I was scrolling through twitter, and a thought occurred to me. I saw a post for The Chicago Reader's Best of Chicago 2012 contest, and I realized that they have a local blog category.... I don't suppose you would want to vote for Pretending to Know You, would you? The ballot is here. (The local blog category is in the "Civic Life" section.) You have until May 24th to vote. The best part is that you can ALSO vote for so many other wonderful things in Chicago, from your favorite bands to your favorite bars to your favorite place to get a manicure, etc. It's an easy way to support the places/people/things you love! You know you want to do it...

Yesterday my sister graduated from Columbia College. It was the craziest graduation ceremony I've ever attended. It was in the Chicago Theater. They processed in to Aerosmith's "Walk this Way." Mavis Staples was there receiving an honorary doctorate. I have to say, I have graduation envy. Anyway, I just wanted to say that I'm so proud of you, Molly! Everyone go check out her awesome music RIGHT NOW.

Friday, May 4, 2012


Seen on the Brown Line to the Loop at about 10:05 p.m., May 3rd, 2012 

Denise doesn’t wear her heart on her sleeve; she wears it on her hip. It’s black and leathery, and it sits right below her belt made of bullets. That’s one way she does it, one way she’ll break your heart. She might take your bloody and beating heart, stuff it inside her own, and use her bullets to hold it ransom. That’s if you’re lucky. She could shoot right through it, or crush it beneath her heavy boots. Then she’ll drink the blood, but it doesn’t stay inside her veins—you can tell because her skin is paper pale. Instead it grows out in her hair, pink and appealing. 

So this is what goes through my brain when I see someone with a heart-shaped purse. Perfectly normal.

Weekend! My little sister is graduating from college on Sunday, which makes me feel very old. What else am I going to do over the next few days? Well, everything in the store is 50% off tonight at Clothes Optional Vintage, so I'll probably hit that up. There are rumors of dinner at Moody's. Soul DJs are spinning at Late Bar tonight, so there could be some dancing involved. Tomorrow is Savoy Stomp at Lucky Number Grill, so there will definitely be some swing dancing involved. All in all it sounds like another busy weekend for me. Hope you have a fun one, too! 

Thursday, May 3, 2012


Seen on the Purple Line to Linden at about 8:40 a.m. 

Zhou squeezes his earbuds in as far as they will go, and he turns up the music so loud it hurts—but that’s the way he likes it. Hot Chip, Daft Punk, Skrillex, and others pulse against his cochlea; the tiny bones jump to the beat, as if they were in their own miniature nightclub.

This is what Zhou imagines:

The bass seeps into his throat and rattles his vocal cords, pumps into his heart behind the neon colors of his t-shirt and regulates its rhythm, travels through his bones all the way to his feet and taps out the tempo on the floor for all to hear.

This is what Zhou hopes:

If he loses himself in the noise, if he practices this disco meditation, he will be able to create similar music, for it will live inside him. 

I don't believe I've mentioned my friend Shannon's webcomic lately. It's called Wighthouse, and it's the wonderful story of a man who inherits a haunted lighthouse. I really like that she integrates so much Chicago history into her work. It's been going on for a few years, but most of the entries are fairly short, so it's easy to catch up. Check it out!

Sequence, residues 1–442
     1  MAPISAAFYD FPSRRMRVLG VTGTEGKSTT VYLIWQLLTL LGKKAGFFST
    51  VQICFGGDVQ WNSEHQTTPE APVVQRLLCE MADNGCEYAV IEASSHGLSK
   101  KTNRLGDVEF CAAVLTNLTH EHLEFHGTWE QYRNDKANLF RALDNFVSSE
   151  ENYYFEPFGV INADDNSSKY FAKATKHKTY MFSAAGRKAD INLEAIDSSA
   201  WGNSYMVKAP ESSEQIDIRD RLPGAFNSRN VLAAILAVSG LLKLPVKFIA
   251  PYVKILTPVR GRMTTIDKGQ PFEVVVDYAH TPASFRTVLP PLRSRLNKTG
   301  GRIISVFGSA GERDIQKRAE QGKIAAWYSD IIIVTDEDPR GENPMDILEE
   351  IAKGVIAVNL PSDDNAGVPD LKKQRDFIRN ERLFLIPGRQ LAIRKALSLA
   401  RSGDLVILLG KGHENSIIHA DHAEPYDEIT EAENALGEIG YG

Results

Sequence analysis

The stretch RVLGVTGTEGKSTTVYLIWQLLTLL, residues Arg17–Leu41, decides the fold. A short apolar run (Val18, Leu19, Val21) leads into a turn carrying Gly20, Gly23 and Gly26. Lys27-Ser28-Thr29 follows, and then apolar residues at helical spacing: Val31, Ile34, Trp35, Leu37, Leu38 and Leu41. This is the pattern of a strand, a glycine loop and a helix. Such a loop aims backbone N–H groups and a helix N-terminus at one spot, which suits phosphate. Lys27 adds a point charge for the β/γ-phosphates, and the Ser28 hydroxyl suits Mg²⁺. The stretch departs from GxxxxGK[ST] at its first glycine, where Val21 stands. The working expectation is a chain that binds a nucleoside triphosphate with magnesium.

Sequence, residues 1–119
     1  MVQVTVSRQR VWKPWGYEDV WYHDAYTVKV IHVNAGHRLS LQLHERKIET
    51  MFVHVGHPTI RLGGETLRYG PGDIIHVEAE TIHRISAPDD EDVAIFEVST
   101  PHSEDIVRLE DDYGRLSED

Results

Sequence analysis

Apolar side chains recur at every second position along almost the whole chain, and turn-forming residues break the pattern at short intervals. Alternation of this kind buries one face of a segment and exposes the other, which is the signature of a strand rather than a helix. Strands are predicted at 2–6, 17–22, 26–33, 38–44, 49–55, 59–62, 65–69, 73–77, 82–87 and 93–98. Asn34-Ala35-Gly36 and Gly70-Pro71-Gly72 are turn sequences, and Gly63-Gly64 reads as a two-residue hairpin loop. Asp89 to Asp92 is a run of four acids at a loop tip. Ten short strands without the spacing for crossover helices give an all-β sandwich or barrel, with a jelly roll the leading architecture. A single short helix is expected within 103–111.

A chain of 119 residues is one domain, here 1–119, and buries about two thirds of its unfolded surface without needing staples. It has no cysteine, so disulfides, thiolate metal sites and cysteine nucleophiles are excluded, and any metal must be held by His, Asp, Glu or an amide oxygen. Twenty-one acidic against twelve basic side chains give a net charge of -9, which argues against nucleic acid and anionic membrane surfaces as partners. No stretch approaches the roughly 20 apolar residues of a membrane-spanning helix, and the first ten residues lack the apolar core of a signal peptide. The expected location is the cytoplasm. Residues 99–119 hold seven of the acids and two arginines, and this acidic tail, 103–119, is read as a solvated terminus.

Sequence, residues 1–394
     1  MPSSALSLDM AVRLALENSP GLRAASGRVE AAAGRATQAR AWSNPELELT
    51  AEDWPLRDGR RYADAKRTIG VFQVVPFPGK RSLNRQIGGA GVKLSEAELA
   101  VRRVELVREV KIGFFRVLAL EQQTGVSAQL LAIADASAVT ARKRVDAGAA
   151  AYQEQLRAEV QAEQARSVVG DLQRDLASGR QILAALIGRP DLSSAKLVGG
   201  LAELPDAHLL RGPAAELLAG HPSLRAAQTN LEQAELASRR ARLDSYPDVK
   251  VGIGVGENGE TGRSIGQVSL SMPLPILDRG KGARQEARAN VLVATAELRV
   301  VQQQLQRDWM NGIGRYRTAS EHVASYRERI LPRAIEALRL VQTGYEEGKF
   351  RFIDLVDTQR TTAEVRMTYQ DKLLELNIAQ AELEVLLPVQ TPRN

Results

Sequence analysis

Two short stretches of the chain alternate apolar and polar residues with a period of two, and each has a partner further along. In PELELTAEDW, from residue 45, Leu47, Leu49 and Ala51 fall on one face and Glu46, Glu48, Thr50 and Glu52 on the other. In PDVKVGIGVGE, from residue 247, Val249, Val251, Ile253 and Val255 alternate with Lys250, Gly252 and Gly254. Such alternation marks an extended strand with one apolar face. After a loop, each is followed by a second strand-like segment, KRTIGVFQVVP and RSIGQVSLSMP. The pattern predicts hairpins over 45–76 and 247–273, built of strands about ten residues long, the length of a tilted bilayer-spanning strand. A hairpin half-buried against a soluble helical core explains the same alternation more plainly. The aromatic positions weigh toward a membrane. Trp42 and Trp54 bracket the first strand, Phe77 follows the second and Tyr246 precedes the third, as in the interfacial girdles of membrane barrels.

In other news, I tried Malort for the first time last night at Handlebar with our French couchsurfers; it was their last night, so the amazing Handlebar staff decided they shouldn't leave without trying something that is unique to Chicago. Quite frankly, I didn't think it was as bad as everyone makes it out to be. Try baijiu sometime. Now THAT'S a disgusting liquor. 

Wednesday, May 2, 2012


Seen heading East on the Fullerton bus at about 3:50 p.m., May 1st, 2012 

Martha’s cheeks are flushed, and her eyes flash with fever—a fever for all the things she’s not. A crazed grin smears her lips upward, exposing her buck teeth. The sickness makes her sluggish body move faster than it ever has before, and with each step she hacks up foamy phlegm and her inadequacies. Martha can no longer stand being herself—slow, heavy, ugly, sweaty, boring, insignificant. The other passengers on the bus may recoil from her in disgust, but at least they notice her. She would like nothing more than to expel her wet, germy life all over them. 

Yet another almost-accidental drabble! It was 99 words, so I added one more. I must be getting used to the feeling of writing about 100 words, or something. Hm.

Sorry I didn't write yesterday--I was working from home. I had to get my haircut (which is when I saw Martha), and I was also recovering. Monday night with the French couchsurfers ended up being a little later and more alcohol-fueled than I expected...oh well. It was a lot of fun, anyway. Lindsey and I are going to have dinner with them again tonight before they leave for Detroit tomorrow. I love hosting couchsurfers. I truly feel like meeting people from all around the world enriches my life. If you haven't checked out the couchsurfing website, you probably should. I highly recommend joining.